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Erudite Risk / Adviser / Hank Morris

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Job Manager

Today’s guest is Hank Morris, an advisor at Erudite Risk, a multinational risk management company.
As a financial expert in Korea, check out the interview for advice he gives to those who want to work in Korea!


(Image Source: https://www.kbla.net/about)

“Candidates for employment should be able to explain why the business of the company that they are applying to is of interest, and in general be able to explain why they want to live and work in Korea.”



Interview points

Point 1.
Make a good first impression by being dressed professionally.

Point 2.
Be able to express themselves effectively, both in speaking and in writing.

Point 3.
A person wishing to work in Korea should be knowledgeable about Korean customs and culture in general, and it is useful to have knowledge of Korean history.


Question 1
How did you get to your present position as a financial expert in Korea?

Answer:
Although I studied English in my undergraduate and graduate school days, later in the late 1970s and early 1980s when I worked for the US Prudential Insurance, I studied business and obtained a Chartered Life Underwriter degree and also passed the securities exams given by the National Association of Securities Dealers in the USA.

(Image Source: https://www.cnbc.com/video/2018/07/30/what-can-investors-expect-from-samsung.html)

Question 2
I am sure there was something attractive about working in Korea. What was the decisive reason for working in Korea?

Answer:
There are many nice things about Korea. Good public transportation, good food available in restaurants and supermarkets, and good opportunities for sports like hiking, running, bicycling etc. There are fascinating museums, art galleries and many other cultural opportunities that can be enjoyed by foreigners and Koreans.

Question 3 
Do you have many foreigners in Erudite Risk you are working for or KBLA(Korea Business Leaders Alliance) you are participating in? 

Answer:
Erudite Risk is a small company. It has just a few employees, Korean and foreign. Also, KBLA is an informal association of Korean and foreign business people in Korea who meet occasionally to attend social events and to share information and advice about doing business in Korea.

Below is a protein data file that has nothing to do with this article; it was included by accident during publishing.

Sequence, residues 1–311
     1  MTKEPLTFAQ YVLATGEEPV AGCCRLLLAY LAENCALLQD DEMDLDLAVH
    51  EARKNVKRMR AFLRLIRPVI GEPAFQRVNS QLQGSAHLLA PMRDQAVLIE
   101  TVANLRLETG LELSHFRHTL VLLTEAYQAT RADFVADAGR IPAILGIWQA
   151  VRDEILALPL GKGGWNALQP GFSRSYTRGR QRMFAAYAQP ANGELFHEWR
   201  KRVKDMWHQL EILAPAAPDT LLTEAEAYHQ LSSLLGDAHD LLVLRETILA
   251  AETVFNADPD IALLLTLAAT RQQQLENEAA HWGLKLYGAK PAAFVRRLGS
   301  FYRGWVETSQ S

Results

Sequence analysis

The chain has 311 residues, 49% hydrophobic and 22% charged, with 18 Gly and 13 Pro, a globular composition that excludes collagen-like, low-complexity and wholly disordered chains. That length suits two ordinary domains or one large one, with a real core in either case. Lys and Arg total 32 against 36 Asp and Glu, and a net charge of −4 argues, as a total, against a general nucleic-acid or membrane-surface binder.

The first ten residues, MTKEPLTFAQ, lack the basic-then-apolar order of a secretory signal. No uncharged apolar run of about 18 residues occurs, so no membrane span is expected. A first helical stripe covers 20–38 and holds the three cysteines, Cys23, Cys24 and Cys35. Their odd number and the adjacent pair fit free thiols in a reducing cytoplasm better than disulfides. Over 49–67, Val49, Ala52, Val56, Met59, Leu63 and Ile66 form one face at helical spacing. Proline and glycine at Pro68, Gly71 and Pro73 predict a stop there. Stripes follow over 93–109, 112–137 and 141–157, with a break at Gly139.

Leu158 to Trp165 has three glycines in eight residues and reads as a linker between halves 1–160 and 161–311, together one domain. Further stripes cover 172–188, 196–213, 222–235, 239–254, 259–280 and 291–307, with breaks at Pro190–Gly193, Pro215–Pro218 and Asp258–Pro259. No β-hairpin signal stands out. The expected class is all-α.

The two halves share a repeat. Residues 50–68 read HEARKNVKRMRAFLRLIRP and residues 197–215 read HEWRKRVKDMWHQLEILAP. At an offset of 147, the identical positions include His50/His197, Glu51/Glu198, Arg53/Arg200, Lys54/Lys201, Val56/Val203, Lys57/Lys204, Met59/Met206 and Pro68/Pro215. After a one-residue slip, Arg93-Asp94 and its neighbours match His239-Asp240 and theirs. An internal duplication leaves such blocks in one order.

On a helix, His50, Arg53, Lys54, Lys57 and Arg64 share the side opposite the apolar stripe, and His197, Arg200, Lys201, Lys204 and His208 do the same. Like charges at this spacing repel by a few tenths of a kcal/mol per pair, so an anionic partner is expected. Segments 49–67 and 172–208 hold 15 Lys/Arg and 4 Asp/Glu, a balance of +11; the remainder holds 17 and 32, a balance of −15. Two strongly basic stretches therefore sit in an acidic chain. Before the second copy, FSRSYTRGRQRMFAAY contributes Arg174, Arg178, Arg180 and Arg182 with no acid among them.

(Image Source: https://www.eruditerisk.com/)


(Image Source: https://www.kbla.net/)


Question 4
Is there any special reason that Erudite Risk is located in Seoul even though it is not a Korean company?

Answer:
The reason that Erudite Risk has an office in Korea is due to the presence of foreign companies in Korea that use Erudite's services.

Question 5
What does a foreigner do at Erudite Risk? 

Answer:
It is actually very useful to have foreign analysts in regard to researching North Korea. By law, South Koreans are forbidden to visit or live in North Korea. South Koreans generally do not know the Chinese citizens who are engaged in trading with North Korea. They are often the best sources of information about North Korea.


(Image Source: https://www.eruditerisk.com/)

Question 6
What are the strengths of foreign outstanding individuals in Korea?

Answer:
A person wishing to work in Korea should be knowledgeable about Korean customs and culture in general, and it is useful to have knowledge of Korean history. It can be very useful to employers if the person has some capacity to speak some Korean. Most young Koreans do speak English but the level of English varies greatly and some ability to speak and read Korean will be useful for anyone who wishes to work and live in Korea.

Question 7